Human Resources departments have a lot of moving parts, and seemingly as many conductors. It can be hard to remember all the different people you may come in contact with during the interview process, especially if you’re interviewing with a large company. One of the most important things to remember is that while you're waiting to sit down in a seat in front of a hiring manager, the process is continuing to move in the background within the HR team. Whether you’re submitting an application, working with an HR administrator to schedule an interview, or even greeting someone at the front desk or in the elevator on your way in for your interview, you never know how that interaction may be interpreted.

These interactions are where first impressions are made, and by the time you sit down face-to-face with a hiring manager, you’re already well into the vetting process. HR teams work very collaboratively, and therefore it’s important to build relationships with each person you come into contact with during the process. It may be a little thing like striking up a conversation or smiling at them in the elevator, writing an email to thank the receptionist for the coffee he brought you while you waited for the hiring manager to wrap up the meeting before your interview, or going out of your way to keep the lines of communication open and be transparent during the information gathering phase of the process.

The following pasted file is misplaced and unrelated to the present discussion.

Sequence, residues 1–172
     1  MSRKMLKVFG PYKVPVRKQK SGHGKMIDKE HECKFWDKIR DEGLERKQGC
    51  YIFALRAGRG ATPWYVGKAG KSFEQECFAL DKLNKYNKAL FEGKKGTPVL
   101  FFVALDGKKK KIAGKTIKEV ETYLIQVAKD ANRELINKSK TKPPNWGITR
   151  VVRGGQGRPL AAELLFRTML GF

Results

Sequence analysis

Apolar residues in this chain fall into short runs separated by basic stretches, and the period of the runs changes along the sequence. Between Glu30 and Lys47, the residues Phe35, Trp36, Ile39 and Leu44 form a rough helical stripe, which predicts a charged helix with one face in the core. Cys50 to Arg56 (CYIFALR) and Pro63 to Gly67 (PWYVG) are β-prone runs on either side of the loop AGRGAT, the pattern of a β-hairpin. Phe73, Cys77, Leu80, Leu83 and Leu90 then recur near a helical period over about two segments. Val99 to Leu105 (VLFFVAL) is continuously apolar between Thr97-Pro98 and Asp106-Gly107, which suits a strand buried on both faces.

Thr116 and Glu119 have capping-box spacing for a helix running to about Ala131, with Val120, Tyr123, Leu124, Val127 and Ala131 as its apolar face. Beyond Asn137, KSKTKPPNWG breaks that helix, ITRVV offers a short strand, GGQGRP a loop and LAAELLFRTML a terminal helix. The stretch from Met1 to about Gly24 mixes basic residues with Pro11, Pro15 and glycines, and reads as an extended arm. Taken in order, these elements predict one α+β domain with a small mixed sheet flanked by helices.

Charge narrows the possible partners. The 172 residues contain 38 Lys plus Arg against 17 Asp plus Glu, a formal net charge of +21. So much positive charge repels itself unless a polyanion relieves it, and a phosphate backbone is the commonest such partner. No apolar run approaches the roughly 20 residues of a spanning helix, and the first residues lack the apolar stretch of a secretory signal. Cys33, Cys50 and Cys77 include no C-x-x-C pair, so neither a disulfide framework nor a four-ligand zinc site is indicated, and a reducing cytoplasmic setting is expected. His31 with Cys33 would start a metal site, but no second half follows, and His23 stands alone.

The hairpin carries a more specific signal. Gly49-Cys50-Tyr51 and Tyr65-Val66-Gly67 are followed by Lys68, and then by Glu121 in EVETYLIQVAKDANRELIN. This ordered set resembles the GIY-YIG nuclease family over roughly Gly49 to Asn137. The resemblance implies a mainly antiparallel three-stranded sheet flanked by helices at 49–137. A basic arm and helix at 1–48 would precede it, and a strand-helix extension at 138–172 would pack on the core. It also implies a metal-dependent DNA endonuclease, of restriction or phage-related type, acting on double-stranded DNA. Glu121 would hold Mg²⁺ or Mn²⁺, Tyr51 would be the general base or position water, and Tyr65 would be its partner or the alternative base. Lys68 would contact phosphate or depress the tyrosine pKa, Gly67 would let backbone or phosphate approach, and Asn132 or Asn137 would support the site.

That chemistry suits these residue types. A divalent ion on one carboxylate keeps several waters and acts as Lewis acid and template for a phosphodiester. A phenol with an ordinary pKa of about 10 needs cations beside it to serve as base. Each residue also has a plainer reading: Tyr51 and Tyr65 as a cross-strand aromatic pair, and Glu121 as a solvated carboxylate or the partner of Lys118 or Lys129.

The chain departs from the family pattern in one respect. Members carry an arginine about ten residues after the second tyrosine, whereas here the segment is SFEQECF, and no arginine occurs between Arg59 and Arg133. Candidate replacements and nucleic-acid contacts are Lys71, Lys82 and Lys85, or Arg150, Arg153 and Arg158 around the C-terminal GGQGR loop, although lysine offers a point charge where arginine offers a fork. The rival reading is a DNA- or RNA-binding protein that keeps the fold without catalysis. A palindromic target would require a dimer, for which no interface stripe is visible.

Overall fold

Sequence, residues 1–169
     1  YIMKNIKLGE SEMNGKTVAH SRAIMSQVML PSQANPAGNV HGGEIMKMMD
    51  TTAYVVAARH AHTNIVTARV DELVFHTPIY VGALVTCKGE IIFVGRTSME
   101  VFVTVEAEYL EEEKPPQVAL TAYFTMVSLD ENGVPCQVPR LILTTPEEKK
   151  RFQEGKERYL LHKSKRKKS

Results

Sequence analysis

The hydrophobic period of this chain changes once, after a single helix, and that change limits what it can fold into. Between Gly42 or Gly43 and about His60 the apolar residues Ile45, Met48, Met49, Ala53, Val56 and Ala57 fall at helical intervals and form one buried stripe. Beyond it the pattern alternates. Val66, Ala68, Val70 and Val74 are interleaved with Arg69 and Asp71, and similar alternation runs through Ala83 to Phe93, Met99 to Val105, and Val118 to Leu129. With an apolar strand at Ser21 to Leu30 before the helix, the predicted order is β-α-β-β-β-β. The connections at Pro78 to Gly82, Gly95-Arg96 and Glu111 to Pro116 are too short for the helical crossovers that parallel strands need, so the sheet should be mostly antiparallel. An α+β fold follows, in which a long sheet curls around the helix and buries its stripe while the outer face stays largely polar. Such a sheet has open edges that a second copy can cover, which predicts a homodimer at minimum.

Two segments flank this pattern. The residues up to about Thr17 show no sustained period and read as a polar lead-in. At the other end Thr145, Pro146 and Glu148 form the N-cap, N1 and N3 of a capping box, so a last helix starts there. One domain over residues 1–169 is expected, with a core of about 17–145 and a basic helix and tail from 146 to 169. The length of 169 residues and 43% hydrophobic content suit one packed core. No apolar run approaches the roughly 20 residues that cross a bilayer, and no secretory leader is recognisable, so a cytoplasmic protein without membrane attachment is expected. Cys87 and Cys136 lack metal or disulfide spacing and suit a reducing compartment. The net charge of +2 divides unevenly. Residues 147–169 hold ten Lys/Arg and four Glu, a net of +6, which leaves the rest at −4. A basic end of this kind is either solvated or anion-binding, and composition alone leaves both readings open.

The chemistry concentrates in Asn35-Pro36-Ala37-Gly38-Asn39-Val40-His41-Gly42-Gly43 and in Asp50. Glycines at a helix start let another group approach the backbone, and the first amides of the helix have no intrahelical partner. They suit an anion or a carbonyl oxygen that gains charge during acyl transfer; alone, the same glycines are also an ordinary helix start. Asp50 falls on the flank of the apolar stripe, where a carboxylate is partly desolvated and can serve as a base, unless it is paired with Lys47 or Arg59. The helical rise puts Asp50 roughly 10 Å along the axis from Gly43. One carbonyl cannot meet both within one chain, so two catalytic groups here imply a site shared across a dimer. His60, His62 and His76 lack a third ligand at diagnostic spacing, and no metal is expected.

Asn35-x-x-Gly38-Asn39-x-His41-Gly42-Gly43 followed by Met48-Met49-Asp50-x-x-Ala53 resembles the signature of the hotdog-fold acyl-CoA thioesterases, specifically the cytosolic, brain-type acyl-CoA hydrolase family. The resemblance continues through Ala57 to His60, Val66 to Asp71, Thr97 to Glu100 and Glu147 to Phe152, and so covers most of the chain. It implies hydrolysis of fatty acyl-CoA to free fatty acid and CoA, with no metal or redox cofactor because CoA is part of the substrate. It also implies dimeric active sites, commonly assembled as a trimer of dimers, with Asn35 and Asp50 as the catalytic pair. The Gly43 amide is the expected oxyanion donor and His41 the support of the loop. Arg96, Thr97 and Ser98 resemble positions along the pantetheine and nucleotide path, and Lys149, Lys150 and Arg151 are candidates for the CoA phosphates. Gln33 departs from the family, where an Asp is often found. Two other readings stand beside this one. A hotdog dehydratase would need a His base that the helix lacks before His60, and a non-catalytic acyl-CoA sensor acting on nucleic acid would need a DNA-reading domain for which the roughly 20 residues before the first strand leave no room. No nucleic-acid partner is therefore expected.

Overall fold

Pro Tip: In an interview process, and at work in general, you are always being evaluated, at every touch point, from beginning to end.

As a candidate, understand that there will likely be some delays in the process, but ultimately a good recruiter will respect your time and value the time of the employees they bring into the organization. You can expect a good recruiter to be transparent, responsive, and to help guide you towards success whether it's the role that you're interviewing for, or perhaps a future opportunity.

The stress of a job search can make even routine delays as annoyance for you, but treating people in the organization with respect and appreciation from beginning to end, especially when the process stalls, isn’t just a good tip when you're thinking about job interviews, it's also a good way to live your life in general.

Many interviewees don't fully consider the impact of their interactions at initial or discreet touch points throughout the process. If you are short with the person that is scheduling your interview, the hiring manager is going to find out about it, and that can definitely get you off on the wrong foot in your interview. 

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